Imagine a world where innovation has removed animals from our food supply chain. This is the future CPT Capital invests in.
CPT Capital, the investment arm of Jeremy Coller’s family office, backs creative businesses that develop groundbreaking replacements for animal products. The firm supports innovators focused on plant-based protein, cell-based meat, and recombinant proteins, from seed stage to sale, IPO, and longer-term. CPT Capital’s portfolio currently includes more than 35 companies, including Beyond Meat, Impossible Foods, Memphis Meats, Perfect Day, and Good Catch.
We’re honored to count CPT Capital among the generous sponsors of next week’s Good Food Conference, where two experts from their team will speak. Investment director Costa Yiannoulis has overseen the handling and expansion of their food and materials tech portfolio. At the Good Food Conference, he will discuss how investors are accelerating the plant-based and cell-based industries. Investment associate Rosie Wardle will join a panel exploring how animal-free foods can help mitigate the environmental and public health risks of the global agricultural system.
We got the chance to ask the CPT Capital team a few questions about their work in alternative protein ventures. Keep reading for a little taste of the ideas they’ll be discussing at the conference!!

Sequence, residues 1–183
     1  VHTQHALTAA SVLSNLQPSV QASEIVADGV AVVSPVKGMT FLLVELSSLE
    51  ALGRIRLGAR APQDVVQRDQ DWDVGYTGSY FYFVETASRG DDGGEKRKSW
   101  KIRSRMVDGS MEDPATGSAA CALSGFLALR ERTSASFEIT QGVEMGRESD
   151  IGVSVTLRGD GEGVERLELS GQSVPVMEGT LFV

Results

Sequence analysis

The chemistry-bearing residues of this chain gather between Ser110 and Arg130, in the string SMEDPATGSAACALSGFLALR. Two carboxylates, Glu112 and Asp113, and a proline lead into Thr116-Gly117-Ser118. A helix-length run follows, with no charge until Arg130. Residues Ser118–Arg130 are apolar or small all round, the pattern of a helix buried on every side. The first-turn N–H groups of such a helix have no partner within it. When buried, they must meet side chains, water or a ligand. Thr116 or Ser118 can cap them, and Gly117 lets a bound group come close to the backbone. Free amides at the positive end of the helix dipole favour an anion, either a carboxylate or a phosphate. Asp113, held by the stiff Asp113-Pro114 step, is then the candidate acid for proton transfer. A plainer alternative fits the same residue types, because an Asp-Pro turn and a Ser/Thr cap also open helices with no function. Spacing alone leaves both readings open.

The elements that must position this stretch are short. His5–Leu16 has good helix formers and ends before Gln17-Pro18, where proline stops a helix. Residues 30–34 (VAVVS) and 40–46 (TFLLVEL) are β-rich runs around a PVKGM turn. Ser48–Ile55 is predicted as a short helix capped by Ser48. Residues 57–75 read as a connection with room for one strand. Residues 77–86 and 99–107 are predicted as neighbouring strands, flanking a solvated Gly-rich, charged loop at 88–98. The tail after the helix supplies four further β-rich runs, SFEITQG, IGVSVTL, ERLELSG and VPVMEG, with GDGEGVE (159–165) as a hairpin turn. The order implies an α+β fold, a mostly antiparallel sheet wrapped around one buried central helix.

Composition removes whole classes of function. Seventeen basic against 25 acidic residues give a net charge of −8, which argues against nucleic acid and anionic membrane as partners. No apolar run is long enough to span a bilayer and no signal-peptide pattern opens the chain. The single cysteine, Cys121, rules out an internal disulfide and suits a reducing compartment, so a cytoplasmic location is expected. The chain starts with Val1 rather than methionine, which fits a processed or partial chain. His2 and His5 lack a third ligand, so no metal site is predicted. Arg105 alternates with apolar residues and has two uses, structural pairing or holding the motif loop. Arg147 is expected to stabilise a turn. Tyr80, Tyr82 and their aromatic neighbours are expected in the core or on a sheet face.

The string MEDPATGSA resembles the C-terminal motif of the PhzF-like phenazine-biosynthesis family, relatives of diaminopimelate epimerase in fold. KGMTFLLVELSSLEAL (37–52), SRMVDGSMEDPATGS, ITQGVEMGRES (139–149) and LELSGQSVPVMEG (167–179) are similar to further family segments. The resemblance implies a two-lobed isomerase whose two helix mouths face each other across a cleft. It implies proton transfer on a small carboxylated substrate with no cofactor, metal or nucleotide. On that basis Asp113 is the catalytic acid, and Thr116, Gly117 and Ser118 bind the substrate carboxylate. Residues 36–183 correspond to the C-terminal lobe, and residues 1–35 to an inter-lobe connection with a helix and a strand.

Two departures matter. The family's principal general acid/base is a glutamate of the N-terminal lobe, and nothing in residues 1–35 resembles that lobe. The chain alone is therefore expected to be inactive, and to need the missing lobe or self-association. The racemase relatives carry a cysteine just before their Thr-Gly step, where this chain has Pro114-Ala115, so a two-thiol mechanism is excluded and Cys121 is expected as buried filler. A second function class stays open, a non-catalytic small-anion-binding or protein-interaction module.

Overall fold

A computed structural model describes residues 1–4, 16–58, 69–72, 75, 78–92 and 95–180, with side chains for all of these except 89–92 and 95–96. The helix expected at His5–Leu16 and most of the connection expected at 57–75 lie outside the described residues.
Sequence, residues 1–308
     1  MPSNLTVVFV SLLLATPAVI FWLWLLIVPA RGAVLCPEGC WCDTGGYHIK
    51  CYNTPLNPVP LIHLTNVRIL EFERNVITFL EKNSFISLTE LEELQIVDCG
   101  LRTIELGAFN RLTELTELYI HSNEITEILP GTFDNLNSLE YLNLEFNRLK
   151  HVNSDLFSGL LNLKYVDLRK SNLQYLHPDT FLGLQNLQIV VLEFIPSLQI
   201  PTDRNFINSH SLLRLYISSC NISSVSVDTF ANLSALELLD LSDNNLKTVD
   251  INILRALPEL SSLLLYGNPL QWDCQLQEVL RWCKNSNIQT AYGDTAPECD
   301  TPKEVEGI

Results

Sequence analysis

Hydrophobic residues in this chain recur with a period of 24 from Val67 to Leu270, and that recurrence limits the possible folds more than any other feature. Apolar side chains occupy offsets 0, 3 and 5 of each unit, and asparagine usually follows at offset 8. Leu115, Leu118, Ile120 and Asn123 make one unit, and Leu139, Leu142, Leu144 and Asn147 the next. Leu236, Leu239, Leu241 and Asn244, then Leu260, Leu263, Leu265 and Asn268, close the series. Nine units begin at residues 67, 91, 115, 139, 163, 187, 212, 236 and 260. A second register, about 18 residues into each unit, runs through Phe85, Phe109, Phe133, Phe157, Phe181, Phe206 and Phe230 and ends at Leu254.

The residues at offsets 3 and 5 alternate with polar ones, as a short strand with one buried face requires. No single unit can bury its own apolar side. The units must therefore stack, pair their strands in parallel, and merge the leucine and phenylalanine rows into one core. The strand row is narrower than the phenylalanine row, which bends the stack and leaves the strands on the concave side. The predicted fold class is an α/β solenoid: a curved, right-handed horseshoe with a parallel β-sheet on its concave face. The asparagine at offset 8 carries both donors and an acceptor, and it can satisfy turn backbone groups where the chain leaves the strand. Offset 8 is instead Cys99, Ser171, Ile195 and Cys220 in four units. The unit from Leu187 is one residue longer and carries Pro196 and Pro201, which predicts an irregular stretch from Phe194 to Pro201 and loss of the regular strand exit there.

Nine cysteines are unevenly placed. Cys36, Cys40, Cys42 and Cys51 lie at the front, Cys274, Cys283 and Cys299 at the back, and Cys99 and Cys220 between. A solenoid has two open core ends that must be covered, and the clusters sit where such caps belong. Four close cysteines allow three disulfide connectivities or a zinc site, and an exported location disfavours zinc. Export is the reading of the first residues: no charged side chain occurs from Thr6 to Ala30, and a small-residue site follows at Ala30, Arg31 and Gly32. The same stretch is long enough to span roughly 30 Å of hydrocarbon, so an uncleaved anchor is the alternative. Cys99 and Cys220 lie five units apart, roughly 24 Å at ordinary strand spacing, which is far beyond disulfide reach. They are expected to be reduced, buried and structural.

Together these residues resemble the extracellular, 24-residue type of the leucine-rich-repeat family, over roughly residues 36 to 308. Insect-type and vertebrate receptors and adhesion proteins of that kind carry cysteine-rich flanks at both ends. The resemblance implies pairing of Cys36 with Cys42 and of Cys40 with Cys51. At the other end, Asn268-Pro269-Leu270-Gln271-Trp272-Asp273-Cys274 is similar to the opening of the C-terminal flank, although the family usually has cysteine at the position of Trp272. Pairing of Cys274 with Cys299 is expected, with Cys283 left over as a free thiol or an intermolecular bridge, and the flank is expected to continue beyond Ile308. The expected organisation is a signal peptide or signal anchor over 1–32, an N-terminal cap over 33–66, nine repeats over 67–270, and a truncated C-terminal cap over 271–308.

Julia: Of all the causes you could invest in, why did CPT Capital decide to focus on the future of protein?
CPT Capital: Business as usual for the food sector is no longer viable. From climate change and water scarcity to demographic shifts and changing consumer preferences, there are huge macro trends at play here. Because of this, feeding the world within planetary boundaries is one of the greatest challenges facing humanity today and the global food system is under increasing pressure to meet this challenge. This backdrop means there is a significant opportunity for both impact and financial returns in reshaping protein production through new technologies.
How large is CPT Capital’s portfolio, and how many companies does it include?
We have been investing in the alternative protein space since 2013, with our first investments being Beyond Meat and Impossible Foods. Our portfolio now includes over 35 companies across three technology categories, namely: advanced plant-based, recombinant protein, and cell culture (which includes both cell-based meat and non-animal cell cultures such as algae and mycoprotein). Most of our investments are in US-based companies given the considerable amount of innovation coming out of the Bay Area in particular. However, we also have a number of Israeli and European companies in the portfolio and are starting to see more opportunities develop in Asia.
How would you describe CPT Capital’s role in the growth of your portfolio companies?